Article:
Great Blue hole

The World’s Largest Sea Hole, the Great Blue Hole in Belize – Big Enough to Fit the Statue of Liberty

Did you know the world’s largest sea hole, the Great Blue Hole in Belize, is big enough to fit the Statue of Liberty? 

The Great Blue Hole is located in the Lighthouse Reef, Belize. It holds the title of the largest sea hole by volume, measuring an impressive 318 meters (1,043 feet) across and 125 meters (410 feet) deep. 

To help you visualize, the Statue of Liberty, including its base, is about 93 meters (305 feet) tall. This means you could place the entire statue inside the Great Blue Hole with room to spare! 

Also even it is surrounded by the sea Surprisingly, the top layer of water is almost fresh.

Keep reading to learn more about this fascinating place and why it’s considered one of the most amazing spots on Earth.

Science Behind the Water

One of the most interesting aspects of the Great Blue Hole is its layered water composition. The top layer is nearly fresh water. When rainwater comes into contact with seawater, they do not mix immediately due to the slow mixing process between the fresh and salty water. 

This creates a unique environment where the top layer is much less salty than the deeper layers. 

This layering is called stratification, and it happens because the freshwater is less dense than salt water, so it floats on top.

Another crucial factor contributing to the water layering is the presence of a toxic hydrogen sulfide layer found at approximately 91 meters (300 feet) deep. 

This layer marks a boundary below which the water becomes dark, anoxic (lacking oxygen), and devoid of life. 

The hydrogen sulfide layer creates a distinct separation, contributing to the overall stratification of the water in the Great Blue Hole.

Together, these factors create a unique and complex underwater environment that fascinates scientists and divers alike.

It was Dry long ago. 

The Great Blue Hole was formed during the Quaternary glaciation periods, which were times when the sea levels were much lower.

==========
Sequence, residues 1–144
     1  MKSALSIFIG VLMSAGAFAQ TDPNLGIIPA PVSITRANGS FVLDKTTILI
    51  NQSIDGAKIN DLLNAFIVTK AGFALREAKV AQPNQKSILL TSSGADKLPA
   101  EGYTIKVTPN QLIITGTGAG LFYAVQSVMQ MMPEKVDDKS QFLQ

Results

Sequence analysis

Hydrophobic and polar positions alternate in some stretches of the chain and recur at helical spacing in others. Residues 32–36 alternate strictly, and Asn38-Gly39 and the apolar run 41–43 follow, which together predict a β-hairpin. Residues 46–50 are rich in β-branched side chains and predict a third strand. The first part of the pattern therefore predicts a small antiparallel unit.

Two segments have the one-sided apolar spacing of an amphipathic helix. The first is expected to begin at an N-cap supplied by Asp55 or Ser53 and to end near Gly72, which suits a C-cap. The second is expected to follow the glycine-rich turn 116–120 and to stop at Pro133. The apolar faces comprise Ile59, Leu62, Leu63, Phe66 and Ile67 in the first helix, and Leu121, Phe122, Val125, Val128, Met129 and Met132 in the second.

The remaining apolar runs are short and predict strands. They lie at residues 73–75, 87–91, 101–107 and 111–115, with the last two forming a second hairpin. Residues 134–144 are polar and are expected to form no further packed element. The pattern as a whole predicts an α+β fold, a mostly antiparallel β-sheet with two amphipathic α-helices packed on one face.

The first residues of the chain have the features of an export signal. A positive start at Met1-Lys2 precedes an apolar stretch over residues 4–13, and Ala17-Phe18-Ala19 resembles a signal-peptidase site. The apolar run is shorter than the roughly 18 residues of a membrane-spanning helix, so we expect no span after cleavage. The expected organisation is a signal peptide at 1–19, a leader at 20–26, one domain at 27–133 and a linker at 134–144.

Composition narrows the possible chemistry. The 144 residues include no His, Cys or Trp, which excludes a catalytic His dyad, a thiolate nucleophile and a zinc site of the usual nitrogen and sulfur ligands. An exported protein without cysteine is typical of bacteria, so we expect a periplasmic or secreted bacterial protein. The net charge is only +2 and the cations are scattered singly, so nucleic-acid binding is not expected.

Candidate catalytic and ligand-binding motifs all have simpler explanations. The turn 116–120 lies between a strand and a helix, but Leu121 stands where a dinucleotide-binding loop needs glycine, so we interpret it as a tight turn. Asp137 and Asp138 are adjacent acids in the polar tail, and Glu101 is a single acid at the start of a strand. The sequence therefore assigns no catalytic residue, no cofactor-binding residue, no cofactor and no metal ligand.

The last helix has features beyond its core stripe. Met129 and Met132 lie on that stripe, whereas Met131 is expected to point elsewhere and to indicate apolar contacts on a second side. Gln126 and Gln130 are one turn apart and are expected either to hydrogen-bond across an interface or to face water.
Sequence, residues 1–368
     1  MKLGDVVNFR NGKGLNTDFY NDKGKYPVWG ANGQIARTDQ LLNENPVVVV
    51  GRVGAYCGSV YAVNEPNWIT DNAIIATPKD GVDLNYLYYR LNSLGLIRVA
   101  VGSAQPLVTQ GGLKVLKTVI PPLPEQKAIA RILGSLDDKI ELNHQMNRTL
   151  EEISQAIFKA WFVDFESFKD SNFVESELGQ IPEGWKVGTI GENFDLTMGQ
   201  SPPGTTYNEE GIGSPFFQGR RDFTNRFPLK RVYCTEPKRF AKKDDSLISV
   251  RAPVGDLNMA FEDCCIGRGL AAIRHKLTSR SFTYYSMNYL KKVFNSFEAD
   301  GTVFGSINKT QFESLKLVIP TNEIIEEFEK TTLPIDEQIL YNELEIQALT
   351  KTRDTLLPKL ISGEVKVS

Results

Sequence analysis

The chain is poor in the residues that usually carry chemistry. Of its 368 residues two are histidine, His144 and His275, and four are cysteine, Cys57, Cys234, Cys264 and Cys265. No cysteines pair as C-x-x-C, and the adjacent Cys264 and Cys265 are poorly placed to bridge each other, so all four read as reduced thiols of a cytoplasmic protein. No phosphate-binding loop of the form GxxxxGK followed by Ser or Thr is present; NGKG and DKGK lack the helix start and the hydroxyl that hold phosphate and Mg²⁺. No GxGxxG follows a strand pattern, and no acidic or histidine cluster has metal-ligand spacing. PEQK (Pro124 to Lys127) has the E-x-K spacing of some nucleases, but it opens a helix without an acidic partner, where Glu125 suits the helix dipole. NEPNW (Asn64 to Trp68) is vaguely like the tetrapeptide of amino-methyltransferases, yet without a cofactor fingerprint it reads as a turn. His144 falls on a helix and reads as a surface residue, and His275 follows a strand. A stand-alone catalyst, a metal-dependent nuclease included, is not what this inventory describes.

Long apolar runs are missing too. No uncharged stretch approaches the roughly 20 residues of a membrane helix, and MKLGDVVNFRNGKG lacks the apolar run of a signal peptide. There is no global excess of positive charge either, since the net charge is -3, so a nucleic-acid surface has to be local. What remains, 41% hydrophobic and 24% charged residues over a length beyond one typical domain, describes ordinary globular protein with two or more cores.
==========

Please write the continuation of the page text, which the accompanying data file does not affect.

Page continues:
This massive sinkhole was once a dry cave system. As the sea levels rose, the caves flooded, creating the sinkhole we see today. 

The under water view of Great Blue Hole

Inside, you can find stalactites and stalagmites, which are formations that only develop in dry conditions. These formations tell scientists a lot about the Earth’s history.

In 1971, famous ocean explorer Jacques Cousteau brought his ship, the Calypso, to the Great Blue Hole. His team mapped its depths and confirmed that these ancient geological processes formed it. 

Credit @ dereklow.co_great-blue-hole
Credit @ dereklow.co_great-blue-hole

Later expeditions continued to explore and study this remarkable site. An expedition funded by billionaire Richard Branson in 2018 further mapped the interior using 3D sonar technology, discovering that rising sea levels formed the sinkhole during the last Ice Age.

Ecological Importance and Marine Life

The Great Blue Hole is not just a geological marvel.  It’s also a hotspot for marine life. The clear waters are home to various species of sharks, including Caribbean reef sharks, nurse sharks, and even hammerheads. This diversity makes it a popular spot for divers.

Additionally, the Great Blue Hole is part of the Belize Barrier Reef Reserve System, which is a UNESCO World Heritage Site. This designation helps protect the area and its unique ecosystem.

Most Amazing Place on Earth by Discovery 

The Great Blue Hole gained international fame thanks to Jacques Cousteau. His exploration and the subsequent media attention helped put this natural wonder on the map. 

In 2012, the Discovery Channel ranked it as the number one “Most Amazing Place on Earth.” This recognition has helped attract tourists from all over the globe, eager to see this unique underwater marvel.


The Great Blue Hole is a fascinating blend of natural beauty, geological history, and marine biodiversity. Its immense size, comparable to the Statue of Liberty, and its unique formation make it a must-see for anyone interested in the wonders of our planet. Whether you’re a diver looking for your next adventure or simply a lover of natural history, the Great Blue Hole offers something for everyone.

So, why not add the Great Blue Hole to your travel bucket list? Experience the awe of this natural wonder and see for yourself why it’s considered one of the most incredible places on Earth.

Similar Posts